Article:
Monday, June 20, 2011

Some various travel tips that you won't find elsewhere.

- Speak the language. Prices will drop, access goes up, and enjoyment goes up the more of the language you know. Find a language immersion program or teacher. You might never leave the city you're learning in, but your teacher will take you to all of the out-of-the-way local places you'd never see if you just trudged through the museums like the rest of the cattle. 
- Don't hang around other tourists. A common way to do this is to have a Lonely Planet tourguide - if a place is highly rated in LP, don't go there as you'll be around others just like you, all thinking you're having a unique experience. If you don't want to lug around an LP, simply follow the rule: "if you see white people/backpackers/tourists, time to go somewhere else." 
- Don't wear camouflage, brown, black, or red in places with significant rebel/narco presence. Blue is good. 
- Stay in one place for a couple weeks, don't try to do the this-is-Thursday-so-this-must-be-Hungary whirlwind. I like to rent an apartment and a bicycle.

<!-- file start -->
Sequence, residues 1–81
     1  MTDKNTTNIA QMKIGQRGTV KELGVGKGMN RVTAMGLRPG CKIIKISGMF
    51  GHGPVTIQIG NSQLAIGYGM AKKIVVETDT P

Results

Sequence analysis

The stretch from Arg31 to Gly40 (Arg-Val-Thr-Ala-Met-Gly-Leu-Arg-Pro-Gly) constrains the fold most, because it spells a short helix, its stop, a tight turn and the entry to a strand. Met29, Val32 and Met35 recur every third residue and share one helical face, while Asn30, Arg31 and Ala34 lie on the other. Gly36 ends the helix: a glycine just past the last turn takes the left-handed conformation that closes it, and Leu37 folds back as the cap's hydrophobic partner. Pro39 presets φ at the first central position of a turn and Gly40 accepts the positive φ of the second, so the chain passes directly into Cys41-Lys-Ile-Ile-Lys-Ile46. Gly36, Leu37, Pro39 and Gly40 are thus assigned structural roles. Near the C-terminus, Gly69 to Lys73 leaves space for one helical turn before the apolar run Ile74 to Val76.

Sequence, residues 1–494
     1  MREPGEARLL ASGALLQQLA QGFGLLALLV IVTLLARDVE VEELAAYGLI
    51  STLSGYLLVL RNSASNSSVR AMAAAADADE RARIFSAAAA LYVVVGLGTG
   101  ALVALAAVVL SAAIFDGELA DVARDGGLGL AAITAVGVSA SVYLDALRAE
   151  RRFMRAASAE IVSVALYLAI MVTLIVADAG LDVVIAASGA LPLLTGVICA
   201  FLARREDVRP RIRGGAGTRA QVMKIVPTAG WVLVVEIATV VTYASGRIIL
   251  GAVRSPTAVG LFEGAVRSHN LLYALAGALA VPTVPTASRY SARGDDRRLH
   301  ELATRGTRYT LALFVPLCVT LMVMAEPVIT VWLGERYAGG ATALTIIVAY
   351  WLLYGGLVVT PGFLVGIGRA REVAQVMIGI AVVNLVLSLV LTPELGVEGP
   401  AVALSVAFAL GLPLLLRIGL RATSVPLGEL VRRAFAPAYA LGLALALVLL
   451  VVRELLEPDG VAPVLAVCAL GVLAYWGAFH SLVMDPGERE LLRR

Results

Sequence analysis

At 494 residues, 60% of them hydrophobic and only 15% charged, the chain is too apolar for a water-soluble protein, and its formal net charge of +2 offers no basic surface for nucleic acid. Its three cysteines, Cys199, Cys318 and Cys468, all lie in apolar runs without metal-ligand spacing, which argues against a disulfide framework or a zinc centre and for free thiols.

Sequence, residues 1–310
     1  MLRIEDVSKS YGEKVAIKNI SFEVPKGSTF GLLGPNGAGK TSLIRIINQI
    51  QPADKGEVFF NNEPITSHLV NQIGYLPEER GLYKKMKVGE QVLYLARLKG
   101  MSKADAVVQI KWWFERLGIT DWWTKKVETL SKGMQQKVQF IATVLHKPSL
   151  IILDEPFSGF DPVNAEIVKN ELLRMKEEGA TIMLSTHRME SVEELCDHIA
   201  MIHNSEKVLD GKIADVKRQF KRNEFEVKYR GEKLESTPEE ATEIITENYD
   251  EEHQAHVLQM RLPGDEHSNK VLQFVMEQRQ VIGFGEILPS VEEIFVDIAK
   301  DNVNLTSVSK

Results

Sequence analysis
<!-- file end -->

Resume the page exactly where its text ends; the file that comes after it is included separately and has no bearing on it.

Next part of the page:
- Don't carry on luggage ever, or allow anyone to put your bag anywhere where you can't see it. 
- When in doubt, eat vegetarian. 
- Don't use or buy illegal drugs. 
- Take a shortwave radio. The BBC or VOA can be comforting after six weeks of hearing only Swahili, and will be invaluable if a disaster strikes. 
- When going to a marginally stable country for an extended time, register with the US embassy so they know where to get you if the place goes to hell. 
- Horrible smells are the norm while traveling - sewage, rotten food, vomit. Carry a small bottle of peppermint extract and dab a bit under your nose. 
- A full steel water bottle with a loop of rope tied through the lid will break an attacker's arm easily yet will go through any security screening. 
- The machete/bolo/parong/panga/golok is ubiquitous in third world countries. Get a cheap one for utility/defense if you're going out into the countryside, then throw it in the trash at the airport when you leave. Saved my bacon at least twice. 
- While guns might be common in a lot of countries, the ammunition is often old, degraded, and useless, so remember this if you happen to need a firearm overseas. 

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